What causes floaters?
Floaters are those tiny spots or 'cobwebs' that drift around in your field of vision. They occur behind the lens and in front of the retina, and tend to appear when tiny pieces of vitreous humour – the jelly-like substance that fills the middle of the eyeball – break loose. Floaters are very common, particularly among the over-60s.
'Floaters can be something or nothing,' says Francesca Marchetti, a leading optometrist and adviser to independent eye-care panel WINK. 'Over time, they tend to disperse. Because they become part of our daily vision, the brain tends to learn to ignore them.'
When should I worry? 'A sudden onset of floaters, especially if accompanied by flashing lights, could be a sign of a retinal tear or detachment,' says Marchetti. 'These are both sight-threatening conditions, so do make an urgent appointment to see your optometrist.'
Posterior vitreous detachment (PVD), caused by changes to the vitreous humour, is a common – and normally harmless – condition that affects around half of us by the time we reach 50. But in a few cases, the vitreous humour tears the retina as it pulls away. Left untreated, these tears can cause retinal detachment, which is when the retina separates completely from the wall at the back of the eye, potentially causing permanent damage.
Any other causes? Floaters are more common in people with diabetes or short-sightedness. Cataract surgery can also increase risk, as can an eye infection or injury.
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What causes blurring?
Blurred vision is a loss of sharpness, making everything seem out-of-focus. 'It can happen for a plethora of reasons – the most likely being that you just need to update your spectacle or contact lens prescription,' says Marchetti.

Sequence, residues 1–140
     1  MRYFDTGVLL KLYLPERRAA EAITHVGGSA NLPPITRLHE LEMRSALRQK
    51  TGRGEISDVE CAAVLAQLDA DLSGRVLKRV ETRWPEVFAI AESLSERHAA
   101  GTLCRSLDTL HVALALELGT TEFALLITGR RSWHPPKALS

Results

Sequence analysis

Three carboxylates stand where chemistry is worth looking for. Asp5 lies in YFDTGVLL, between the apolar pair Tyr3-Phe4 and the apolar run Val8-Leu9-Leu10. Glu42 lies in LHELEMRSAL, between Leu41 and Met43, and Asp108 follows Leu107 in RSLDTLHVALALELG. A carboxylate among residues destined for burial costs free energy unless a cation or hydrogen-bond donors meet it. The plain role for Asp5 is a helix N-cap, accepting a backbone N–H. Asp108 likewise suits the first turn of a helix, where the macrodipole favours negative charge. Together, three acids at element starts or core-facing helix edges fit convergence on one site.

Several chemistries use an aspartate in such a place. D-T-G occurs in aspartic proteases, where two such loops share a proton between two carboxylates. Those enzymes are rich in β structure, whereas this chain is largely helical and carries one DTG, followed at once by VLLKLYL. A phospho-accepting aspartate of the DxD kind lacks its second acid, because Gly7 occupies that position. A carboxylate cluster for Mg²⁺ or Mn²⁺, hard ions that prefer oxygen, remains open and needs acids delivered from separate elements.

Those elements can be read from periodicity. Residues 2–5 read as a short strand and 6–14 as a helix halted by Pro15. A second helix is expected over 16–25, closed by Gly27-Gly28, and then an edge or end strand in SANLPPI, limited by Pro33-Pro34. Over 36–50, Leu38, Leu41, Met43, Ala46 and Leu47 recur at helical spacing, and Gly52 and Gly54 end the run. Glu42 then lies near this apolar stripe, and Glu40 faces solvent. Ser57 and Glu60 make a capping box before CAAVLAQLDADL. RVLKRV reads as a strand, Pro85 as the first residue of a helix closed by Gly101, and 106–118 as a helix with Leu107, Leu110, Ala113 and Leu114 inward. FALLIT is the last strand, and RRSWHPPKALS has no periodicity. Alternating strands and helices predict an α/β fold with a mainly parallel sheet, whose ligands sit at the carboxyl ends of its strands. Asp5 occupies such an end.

When should I worry? 'Blurring should never be ignored,' warns Marchetti. 'It can also be an indication of a serious problem inside the eye, such as retinal detachment.' Like floaters, blurring can be a symptom of diabetic retinopathy – a complication of diabetes, caused by high blood sugar levels damaging the back of the eye.
Blurred vision is sometimes confused with cloudy vision, which is when objects appear 'milky'. Cloudy vision is a symptom of cataracts – so again, it's important to get checked out by an optometrist as soon as possible.
Any other causes? Blurring is a common symptom of digital eye strain – so do remember to take regular screen breaks. It can also indicate chronic dry eye syndrome or the onset of a migraine, and may occur as a temporary reaction to laser eye surgery or certain eye drops or medication. If you have any concerns at all, consult your GP or optometrist.
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What causes twitching?
Eye twitching is fairly common, and usually affects just the lower eyelid of one eye. 'It's normally nothing to worry about and can simply be put down to tiredness,' says Marchetti. 'It will come on suddenly and go away as quickly as it appeared.'
When should I worry? 'If the twitching persists for any length of time, it's important to see your optometrist or GP so you can identify the underlying cause,' advises Marchetti.
As well as tiredness, twitching may be a reaction to long-term stress, which needs to be addressed as soon as possible. And again, it could be caused by sight problems that can be solved with a new spectacles or lens prescription, or by digital eye strain.
Repeated twitching – or excessive blinking – may, in rare cases, be caused by a condition called blepharospasm, which is triggered by bright lights, stress or tiredness. Severe cases can be treated with Botox injections to relax the muscles controlling the eyelids.
Any other causes? Consuming too much alcohol or caffeine may also lead to eye twitches – as can nutritional imbalances. 'It's important to look after your eyes by having regular eye examinations and eating a healthy, balanced, vitamin-rich diet,' says Marchetti.
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